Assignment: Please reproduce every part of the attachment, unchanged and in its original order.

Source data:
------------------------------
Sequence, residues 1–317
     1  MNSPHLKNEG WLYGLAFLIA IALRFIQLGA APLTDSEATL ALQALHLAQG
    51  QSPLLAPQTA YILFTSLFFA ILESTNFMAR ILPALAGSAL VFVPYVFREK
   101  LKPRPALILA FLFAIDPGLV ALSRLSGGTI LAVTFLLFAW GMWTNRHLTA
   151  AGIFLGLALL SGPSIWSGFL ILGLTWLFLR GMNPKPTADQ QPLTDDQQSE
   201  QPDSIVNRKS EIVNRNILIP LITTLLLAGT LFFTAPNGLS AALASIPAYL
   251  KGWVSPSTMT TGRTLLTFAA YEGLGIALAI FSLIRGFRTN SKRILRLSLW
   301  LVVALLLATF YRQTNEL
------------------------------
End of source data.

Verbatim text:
Sequence, residues 1–317
     1  MNSPHLKNEG WLYGLAFLIA IALRFIQLGA APLTDSEATL ALQALHLAQG
    51  QSPLLAPQTA YILFTSLFFA ILESTNFMAR ILPALAGSAL VFVPYVFREK
   101  LKPRPALILA FLFAIDPGLV ALSRLSGGTI LAVTFLLFAW GMWTNRHLTA
   151  AGIFLGLALL SGPSIWSGFL ILGLTWLFLR GMNPKPTADQ QPLTDDQQSE
   201  QPDSIVNRKS EIVNRNILIP LITTLLLAGT LFFTAPNGLS AALASIPAYL
   251  KGWVSPSTMT TGRTLLTFAA YEGLGIALAI FSLIRGFRTN SKRILRLSLW
   301  LVVALLLATF YRQTNEL